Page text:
Military Families & Trauma
There are many wonderful aspects of growing up in a military family, but if trauma is “something negative that
happens to a person over which they have no control,” a military family’s life can be filled with lots of trauma,
too – and not just war-related. Multiple moves, parental absence, pressures to subvert personal needs for the
sake of the Mission can all take their toll on soldiers, spouses, and children. These experiences can cause some
individuals to develop Post Traumatic Stress Disorder (PTSD) and other symptoms of anxiety, including
depression. Military families may appear tough and resilient on the outside, but that may not accurately reflect
what’s going on inside. Understanding trauma may be one of the most important steps you can take to helping
your family lead full and satisfying lives before, during, and after deployment.
Warning - Disclaimer
The information in this handout is intended to stimulate ideas, conversation and research. It is NOT intended as
a substitute for consultation with health care professionals. Each individual’s health concerns should be
evaluated by a qualified professional.
The Definition of Trauma
Understanding how the brain and body process, remember, and store traumatic events is the key to healing
trauma. Remember – there is no right or wrong reaction to trauma! What is traumatic to one person may not
be traumatic to another, depending on a multitude of issues, including old childhood traumas. Please leave your
judgments at the door.
“Psychological trauma is an affliction of the powerless. At the moment of trauma, the victim is rendered
helpless by overwhelming force. Traumatic events overwhelm the ordinary systems of care that give
people a sense of control, connection and meaning.” - Judith Herman, MD, Trauma and Recovery
How Memory is Stored in the Brain & Body
The brain stores memories of traumatic and non-traumatic events in different ways. When a traumatic event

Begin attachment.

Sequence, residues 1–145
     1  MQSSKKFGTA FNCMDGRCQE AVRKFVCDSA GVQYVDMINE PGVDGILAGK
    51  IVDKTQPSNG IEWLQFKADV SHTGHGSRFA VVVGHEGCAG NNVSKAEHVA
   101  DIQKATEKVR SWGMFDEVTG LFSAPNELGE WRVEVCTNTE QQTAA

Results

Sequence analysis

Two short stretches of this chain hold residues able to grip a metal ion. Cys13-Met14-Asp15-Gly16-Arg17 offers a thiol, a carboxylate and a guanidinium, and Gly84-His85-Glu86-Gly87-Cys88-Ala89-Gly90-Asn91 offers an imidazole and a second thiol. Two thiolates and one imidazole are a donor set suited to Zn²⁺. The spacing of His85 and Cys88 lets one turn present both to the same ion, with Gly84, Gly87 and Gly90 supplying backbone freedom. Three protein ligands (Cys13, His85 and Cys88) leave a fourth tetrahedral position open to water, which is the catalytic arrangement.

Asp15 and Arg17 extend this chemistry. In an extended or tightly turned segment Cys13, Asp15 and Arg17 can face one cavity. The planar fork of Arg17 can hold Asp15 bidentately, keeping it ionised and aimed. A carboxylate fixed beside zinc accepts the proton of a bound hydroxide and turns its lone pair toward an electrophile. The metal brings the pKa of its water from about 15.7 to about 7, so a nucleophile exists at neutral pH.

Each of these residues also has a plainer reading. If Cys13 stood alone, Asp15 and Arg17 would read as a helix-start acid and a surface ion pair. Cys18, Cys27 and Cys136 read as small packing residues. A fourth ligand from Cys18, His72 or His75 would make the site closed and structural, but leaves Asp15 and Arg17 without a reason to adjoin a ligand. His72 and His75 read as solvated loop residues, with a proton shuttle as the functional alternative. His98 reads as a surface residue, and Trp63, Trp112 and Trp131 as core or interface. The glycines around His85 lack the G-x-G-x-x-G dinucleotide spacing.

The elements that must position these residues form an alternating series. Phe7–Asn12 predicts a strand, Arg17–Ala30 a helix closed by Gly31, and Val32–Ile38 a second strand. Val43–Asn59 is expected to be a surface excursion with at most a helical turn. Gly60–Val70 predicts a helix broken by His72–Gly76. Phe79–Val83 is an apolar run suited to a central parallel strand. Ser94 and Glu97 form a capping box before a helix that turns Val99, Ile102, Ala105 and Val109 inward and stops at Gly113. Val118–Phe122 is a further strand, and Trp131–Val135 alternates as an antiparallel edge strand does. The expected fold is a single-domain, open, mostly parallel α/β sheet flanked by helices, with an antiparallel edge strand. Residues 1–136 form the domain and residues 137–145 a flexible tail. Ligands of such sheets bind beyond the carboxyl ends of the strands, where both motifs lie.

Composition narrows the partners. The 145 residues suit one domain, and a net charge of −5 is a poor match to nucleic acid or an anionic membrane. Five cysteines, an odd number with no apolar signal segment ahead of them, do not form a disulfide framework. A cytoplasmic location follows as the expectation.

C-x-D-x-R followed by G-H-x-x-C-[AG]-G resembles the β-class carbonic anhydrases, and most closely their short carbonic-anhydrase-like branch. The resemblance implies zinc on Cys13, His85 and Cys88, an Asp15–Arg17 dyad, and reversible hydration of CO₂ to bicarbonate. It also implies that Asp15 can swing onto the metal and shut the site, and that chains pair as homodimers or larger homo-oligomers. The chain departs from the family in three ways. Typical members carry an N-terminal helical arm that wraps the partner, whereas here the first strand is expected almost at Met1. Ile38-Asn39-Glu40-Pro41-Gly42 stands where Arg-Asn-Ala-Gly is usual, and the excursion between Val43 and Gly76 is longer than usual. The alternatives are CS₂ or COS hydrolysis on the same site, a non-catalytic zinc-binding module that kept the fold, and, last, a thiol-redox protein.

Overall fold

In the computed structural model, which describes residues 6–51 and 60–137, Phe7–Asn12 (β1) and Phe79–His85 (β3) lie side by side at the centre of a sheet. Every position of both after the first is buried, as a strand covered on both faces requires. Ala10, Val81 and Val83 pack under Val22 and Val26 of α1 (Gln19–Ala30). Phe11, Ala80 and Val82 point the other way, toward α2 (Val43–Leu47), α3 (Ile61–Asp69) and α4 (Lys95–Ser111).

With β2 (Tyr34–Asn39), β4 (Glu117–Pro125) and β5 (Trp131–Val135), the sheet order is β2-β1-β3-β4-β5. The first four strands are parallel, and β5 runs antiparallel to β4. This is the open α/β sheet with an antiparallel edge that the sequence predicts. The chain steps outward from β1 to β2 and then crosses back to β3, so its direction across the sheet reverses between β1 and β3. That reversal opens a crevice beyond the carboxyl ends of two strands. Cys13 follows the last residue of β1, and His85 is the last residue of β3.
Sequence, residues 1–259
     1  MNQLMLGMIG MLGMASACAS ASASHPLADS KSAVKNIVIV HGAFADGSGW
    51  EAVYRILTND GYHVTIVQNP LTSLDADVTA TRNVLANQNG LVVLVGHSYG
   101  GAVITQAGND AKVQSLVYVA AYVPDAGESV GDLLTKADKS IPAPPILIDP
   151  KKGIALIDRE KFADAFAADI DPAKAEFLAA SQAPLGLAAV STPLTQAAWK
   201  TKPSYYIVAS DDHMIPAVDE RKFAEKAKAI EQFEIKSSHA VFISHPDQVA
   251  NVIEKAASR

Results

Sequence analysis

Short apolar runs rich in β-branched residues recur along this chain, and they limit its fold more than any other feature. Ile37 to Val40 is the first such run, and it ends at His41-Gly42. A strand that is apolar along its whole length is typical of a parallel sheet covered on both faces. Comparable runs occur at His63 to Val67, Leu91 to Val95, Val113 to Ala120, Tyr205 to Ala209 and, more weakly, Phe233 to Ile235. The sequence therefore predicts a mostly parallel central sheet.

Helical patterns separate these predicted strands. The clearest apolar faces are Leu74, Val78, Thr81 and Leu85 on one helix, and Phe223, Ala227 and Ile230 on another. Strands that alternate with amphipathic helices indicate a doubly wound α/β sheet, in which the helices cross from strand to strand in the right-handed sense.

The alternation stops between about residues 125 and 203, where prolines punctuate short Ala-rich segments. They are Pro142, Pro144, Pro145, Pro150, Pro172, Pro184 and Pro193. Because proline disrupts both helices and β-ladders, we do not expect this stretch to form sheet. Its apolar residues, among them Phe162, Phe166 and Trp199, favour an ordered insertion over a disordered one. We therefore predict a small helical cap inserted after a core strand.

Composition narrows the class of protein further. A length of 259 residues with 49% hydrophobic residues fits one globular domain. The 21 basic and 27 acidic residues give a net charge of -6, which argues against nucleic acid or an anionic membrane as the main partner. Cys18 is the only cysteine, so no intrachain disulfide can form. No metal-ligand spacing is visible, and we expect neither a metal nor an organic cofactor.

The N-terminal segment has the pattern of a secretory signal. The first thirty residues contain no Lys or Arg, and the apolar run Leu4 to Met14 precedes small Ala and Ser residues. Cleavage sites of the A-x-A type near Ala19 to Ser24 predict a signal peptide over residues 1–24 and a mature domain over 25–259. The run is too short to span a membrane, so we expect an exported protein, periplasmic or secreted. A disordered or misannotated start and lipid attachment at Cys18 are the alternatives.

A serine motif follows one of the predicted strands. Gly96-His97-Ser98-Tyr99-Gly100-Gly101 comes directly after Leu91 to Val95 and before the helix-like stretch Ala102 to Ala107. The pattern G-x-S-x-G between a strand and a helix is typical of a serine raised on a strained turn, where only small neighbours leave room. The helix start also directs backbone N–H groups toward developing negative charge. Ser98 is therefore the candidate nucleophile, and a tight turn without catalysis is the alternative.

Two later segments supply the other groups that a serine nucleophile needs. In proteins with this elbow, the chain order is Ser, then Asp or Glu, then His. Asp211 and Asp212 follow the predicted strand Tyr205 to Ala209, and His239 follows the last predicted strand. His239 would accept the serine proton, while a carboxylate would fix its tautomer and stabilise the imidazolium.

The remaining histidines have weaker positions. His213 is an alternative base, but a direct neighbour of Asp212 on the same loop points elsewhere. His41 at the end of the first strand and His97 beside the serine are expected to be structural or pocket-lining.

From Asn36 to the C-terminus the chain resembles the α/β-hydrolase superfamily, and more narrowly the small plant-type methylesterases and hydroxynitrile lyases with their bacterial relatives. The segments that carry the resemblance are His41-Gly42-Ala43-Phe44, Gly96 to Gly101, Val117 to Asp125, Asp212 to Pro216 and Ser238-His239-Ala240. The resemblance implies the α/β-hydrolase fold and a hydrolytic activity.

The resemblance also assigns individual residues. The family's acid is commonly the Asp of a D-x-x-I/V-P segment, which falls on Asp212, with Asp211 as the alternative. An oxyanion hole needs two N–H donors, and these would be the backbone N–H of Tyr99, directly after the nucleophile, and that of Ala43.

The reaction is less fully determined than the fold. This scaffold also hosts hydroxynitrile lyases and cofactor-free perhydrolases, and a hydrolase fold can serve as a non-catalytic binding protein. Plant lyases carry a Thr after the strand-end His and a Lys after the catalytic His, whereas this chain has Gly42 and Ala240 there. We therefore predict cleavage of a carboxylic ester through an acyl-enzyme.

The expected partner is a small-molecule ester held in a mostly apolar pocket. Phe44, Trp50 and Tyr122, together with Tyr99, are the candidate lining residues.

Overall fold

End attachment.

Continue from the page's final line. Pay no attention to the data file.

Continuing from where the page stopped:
happens, the brain releases hormones that prepare the body to take defensive action – via fight or flight or
freeze (if the person can’t fight or run away). The way the body responds is automatic, a person can’t “choose”
which way to react under stress. Once the traumatic event is over, the brain releases cortisol that tells the body
the event is over and they can return to normal. Something in this process goes wrong with those who develop
PTSD. Their brain/body doesn’t know the traumatic event is over. The memory continues to float free in the
brain, keeping them in an agitated state, which can take a massive toll on their body.
PTSD is “memory gone awry.” - Babette Rothschild, The Body Remembers
Common Reactions to Trauma
The following is a partial list of reactions to trauma, from Dena Rosenbloom and Mary Beth Williams’ book, Life
After Trauma: A Workbook for Healing. If any of these symptoms last more than a month and your soldier,
spouse, or child is not functioning as well at home, work/school or in their relationships, seek professional help.
Physical Reactions: nervous, jumpy, tense; upset stomach; panic attacks; teeth grinding; fatigue
Mental Reactions: hypervigilance; dissociation; can’t concentrate/remember; intrusive images; nightmares
Emotional Reactions: fearful; depressed; guilty; angry; numb; loss of trust; helpless; emotional distance
Behavior Reactions: withdrawn; easily startled; confrontational/extremely emotional; change in eating/ grooming
habits; restless; hurting self (cutting); poor grades; self-medicating (alcohol/ drugs/food)